Dog attack victim grieves loss of pet

Published 8:16 pm Wednesday, March 22, 2017

An afternoon stroll last week ended in two injured community members and the death of a family dog.

Former Mayor of Nicholasville John Martin took his border collie, Chelsea, for an afternoon walk on Thursday, March 16.

Email newsletter signup

“We’ve had her ever since she was a baby,” Martin said. “She was just a great, great dog.”

Around 4:30 p.m. on Cherrybrook Drive, three doors down from Martin’s house, a pit bull that was running loose in the neighborhood became aggressive and attacked Chelsea. The dog knocked Martin down. He said he didn’t see it coming because he was watching Chelsea, who was on a leash.

“The pit bull came out of nowhere,” Martin said.

Martin and his neighbor, Nina Wittenbarger, tried to separate the two dogs, but in doing so, both were bitten.

The dogs were finally separated when a stranger intervened and took the pit bull away in their vehicle.

Martin was later treated at Saint Joseph Jessamine in Nicholasville for bites to his neck and his left hand. Wittenbarger was bitten on her hand and her ear. Neither had to get rabies shots.

Chelsea, who would have turned 14 in June, later died at a local veterinarian clinic.

“If that would have been a baby or a kid, it could have been disastrous,” Martin said.

The owners and the pit bull have since been located. The Nicholasville Police have issued a citation to the owners for harboring a dangerous dog. The pit bull will be kept by Jessamine County Animal Care and Control for a 10-day quarantine which ends on Monday, March 27.

“Once the 10-day quarantine is up, it is likely the dog will have to remain in our custody until the case goes before the court,” said Frank Ruggiero, Jessamine County Animal Care and Control deputy director.

No further action will be taken until the charges from the Nicholasville Police Department are filed. After that, a judge will decide the fate of the dog.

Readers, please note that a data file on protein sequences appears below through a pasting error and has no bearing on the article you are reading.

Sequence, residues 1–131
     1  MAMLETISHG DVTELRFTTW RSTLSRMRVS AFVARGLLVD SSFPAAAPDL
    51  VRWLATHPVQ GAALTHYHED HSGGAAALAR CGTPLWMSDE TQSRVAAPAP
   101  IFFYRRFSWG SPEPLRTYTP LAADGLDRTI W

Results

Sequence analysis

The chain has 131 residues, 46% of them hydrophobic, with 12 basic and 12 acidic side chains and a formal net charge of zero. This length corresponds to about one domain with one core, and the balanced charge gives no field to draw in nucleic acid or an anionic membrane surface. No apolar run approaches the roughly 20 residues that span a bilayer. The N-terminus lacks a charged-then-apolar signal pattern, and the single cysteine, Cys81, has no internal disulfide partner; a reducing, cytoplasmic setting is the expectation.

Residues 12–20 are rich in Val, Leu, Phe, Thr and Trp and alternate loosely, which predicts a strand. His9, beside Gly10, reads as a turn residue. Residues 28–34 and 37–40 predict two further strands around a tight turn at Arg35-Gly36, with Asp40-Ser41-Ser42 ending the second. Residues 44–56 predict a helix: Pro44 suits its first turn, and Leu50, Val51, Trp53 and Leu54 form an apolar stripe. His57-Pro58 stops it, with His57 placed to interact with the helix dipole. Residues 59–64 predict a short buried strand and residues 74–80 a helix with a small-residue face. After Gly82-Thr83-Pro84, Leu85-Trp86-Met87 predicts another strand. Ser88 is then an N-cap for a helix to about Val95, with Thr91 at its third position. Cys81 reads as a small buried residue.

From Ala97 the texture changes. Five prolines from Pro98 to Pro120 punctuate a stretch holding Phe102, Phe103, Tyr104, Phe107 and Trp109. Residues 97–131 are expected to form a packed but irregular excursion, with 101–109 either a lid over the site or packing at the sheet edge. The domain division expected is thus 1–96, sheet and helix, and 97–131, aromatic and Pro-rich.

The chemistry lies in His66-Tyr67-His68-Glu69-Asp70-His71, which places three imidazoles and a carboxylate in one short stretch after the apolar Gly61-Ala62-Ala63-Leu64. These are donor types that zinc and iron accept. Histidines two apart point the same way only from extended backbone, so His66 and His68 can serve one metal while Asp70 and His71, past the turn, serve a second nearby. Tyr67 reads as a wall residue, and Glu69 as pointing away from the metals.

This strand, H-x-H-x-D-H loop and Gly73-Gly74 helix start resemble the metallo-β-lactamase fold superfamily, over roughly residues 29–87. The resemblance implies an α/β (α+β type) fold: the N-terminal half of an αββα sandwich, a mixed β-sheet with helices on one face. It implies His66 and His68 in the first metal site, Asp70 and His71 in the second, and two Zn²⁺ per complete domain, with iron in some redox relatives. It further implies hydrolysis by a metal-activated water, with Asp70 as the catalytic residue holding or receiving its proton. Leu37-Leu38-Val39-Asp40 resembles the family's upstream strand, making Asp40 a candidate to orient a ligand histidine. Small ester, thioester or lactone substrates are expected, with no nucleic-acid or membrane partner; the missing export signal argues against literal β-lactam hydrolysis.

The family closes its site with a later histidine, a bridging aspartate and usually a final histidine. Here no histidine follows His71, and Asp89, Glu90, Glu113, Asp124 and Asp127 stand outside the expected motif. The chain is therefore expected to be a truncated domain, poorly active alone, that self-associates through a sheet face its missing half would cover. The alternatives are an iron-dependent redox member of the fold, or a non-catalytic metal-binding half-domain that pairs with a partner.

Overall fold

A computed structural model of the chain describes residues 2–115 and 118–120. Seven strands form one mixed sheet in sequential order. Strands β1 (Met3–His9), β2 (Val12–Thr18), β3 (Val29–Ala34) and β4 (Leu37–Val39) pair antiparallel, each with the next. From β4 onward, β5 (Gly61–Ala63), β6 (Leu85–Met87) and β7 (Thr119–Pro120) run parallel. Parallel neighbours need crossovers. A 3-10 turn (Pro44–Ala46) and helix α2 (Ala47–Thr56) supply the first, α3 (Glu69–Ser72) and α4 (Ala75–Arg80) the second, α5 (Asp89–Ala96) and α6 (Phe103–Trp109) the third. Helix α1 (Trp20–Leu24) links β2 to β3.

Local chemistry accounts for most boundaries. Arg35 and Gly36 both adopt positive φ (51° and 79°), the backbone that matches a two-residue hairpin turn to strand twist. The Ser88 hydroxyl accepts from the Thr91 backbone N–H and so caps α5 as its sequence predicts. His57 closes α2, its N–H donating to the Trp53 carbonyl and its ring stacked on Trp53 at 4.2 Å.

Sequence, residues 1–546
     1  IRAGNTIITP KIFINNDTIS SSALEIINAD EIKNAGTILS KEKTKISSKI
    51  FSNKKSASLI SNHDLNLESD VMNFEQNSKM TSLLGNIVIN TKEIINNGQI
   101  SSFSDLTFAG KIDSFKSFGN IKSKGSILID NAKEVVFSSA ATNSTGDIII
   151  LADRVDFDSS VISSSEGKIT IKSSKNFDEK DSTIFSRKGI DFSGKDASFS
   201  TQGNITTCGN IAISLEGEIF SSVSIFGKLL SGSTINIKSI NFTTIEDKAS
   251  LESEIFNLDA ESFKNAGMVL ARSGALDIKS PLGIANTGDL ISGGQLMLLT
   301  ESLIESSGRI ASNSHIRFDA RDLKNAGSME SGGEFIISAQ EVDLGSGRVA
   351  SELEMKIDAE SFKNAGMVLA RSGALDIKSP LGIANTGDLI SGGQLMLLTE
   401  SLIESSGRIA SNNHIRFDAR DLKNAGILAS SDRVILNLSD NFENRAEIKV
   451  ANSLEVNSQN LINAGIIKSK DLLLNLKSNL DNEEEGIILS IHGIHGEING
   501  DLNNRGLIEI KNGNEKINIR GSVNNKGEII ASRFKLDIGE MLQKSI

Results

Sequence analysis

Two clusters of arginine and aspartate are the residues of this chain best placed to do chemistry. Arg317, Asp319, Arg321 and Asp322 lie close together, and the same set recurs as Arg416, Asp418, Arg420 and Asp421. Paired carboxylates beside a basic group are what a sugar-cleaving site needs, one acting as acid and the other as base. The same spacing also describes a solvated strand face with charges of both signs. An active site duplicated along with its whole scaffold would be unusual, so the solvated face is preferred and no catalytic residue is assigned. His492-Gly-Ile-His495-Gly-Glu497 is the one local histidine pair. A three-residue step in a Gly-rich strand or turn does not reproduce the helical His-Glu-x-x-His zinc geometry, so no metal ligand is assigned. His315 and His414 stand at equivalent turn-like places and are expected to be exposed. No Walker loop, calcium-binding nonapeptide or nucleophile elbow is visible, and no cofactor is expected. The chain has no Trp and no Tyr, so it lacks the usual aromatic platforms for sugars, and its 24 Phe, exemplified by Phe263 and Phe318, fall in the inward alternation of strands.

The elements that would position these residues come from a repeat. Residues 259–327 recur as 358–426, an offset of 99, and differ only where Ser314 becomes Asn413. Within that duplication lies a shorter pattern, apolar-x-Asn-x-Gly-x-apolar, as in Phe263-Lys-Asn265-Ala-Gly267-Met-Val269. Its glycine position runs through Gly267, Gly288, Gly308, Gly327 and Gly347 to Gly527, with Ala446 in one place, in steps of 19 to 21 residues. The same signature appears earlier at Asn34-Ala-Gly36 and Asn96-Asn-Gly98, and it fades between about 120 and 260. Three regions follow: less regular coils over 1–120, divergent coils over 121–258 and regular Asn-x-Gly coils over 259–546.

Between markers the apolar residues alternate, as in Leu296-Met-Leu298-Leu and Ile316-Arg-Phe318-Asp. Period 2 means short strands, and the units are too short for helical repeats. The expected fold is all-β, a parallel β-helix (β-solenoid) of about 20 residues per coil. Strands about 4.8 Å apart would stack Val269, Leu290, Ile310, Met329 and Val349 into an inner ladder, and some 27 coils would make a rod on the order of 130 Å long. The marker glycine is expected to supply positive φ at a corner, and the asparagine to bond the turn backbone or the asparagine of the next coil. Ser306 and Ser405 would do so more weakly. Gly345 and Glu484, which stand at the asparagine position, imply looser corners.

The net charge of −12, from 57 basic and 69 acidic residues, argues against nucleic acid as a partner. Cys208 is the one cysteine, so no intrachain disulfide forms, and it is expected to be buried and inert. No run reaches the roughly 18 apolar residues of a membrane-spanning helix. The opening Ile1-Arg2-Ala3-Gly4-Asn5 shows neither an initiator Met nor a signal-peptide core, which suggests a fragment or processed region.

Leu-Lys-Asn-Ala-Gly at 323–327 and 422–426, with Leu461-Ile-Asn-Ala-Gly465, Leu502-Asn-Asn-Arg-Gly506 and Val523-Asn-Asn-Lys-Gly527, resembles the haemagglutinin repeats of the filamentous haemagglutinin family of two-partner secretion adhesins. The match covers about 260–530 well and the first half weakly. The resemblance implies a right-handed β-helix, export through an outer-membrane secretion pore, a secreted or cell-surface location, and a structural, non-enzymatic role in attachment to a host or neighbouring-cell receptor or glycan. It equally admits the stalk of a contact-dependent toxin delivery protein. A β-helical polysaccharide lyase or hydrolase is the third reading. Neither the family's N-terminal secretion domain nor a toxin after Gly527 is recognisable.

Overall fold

Marin said he feels sorry for the pit bull.

“We don’t want the dog put down if they think they can rehabilitate it,” Martin said. “We just don’t want it on the street again.”

As of Tuesday, he was awaiting picking up Chelsea’s ashes, and though his physical wounds are almost healed, he said he feels an emptiness over the loss of Chelsea.

“She was beautiful,” he said. “I just never ever want to see anybody else go through that.”

Ruggiero said so far, there have been 11 animal bite reports filed with the JCACC for 2017. In 2016, there were 38 bite reports.

Dogs running without a leash and without an owner is not an uncommon occurrence, Ruggiero said.

In 2016, the shelter responded to 720 calls about dogs running at large. There have already been 160 of those calls for 2017.

Several codes ordinances pertaining to dogs running at large exist within the city and the county.

For example, under city code 5-27, dogs kept in the city shall be kept within the confines of their residence unless the owners control them with a leash or other similar device at all times. The only exception for this code is when a dog is in a designated municipal park that is used exclusively for dogs.

If a dog is caught running at large, it is brought to the JCACC to be held for five days. After that, they become the property of the Jessamine County Fiscal Court to either be put up for adoption, sent to rescue, or in worst case scenario, euthanized according to the Jessamine County Ordinance 90.03.

On Tuesday, March 21, Jessamine County Animal Care and Control received calls for two separate cases involving unprovoked dog bites, meaning the people who were bitten did nothing to cause the dogs to bite them. Each case involved two dogs.

Ruggiero said there are two things community members can do if they see a dog running at large. They can either call Jessamine County Animal Care and Control at 859-881-0821 and report it, or contact the police at the non-emergency number, 859-887-5447.

To potentially prevent a dog attack from occurring, Ruggiero said it is a good idea for those who are walking a dog or just simply walking, to carry a small air horn, similar to those you see at sports events.

“If your dog is by chance attacked or if a dog is coming at you, blast the air horn and it should detour them,” he said.

These air horns are a method used by the JCACC to prevent dogs from fighting because it usually startles them enough to prevent any issues. They can be found at several stores in Jessamine County or purchased online, and most are pretty inexpensive.

“It’s a great deterrent to distract a dog,” he said.

If a person does not have an air horn and a dog approaches them, there is the option of throwing something, such as keys or a coat to distract the dog, and hopefully cause it to go after the items instead of the person.

Another option is to stand like a tree and put your hands in your pockets. If you stand still and do not make any gestures, the dog is likely to lose interest and go away, Ruggiero said.

If you find yourself in the unfortunate position of a dog knocking you down, the best thing to do is curl up in a fetal position and protect your face with your arms. And if the dog chooses to fight with your dog, find something to separate them with.

“The best thing to break up a dog fight is something solid like a chair, a garbage can lid, something that you can stick in between the two dogs to separate them,” Ruggiero said. “You should never use your hands or any other parts of your body to break up a dog fight.”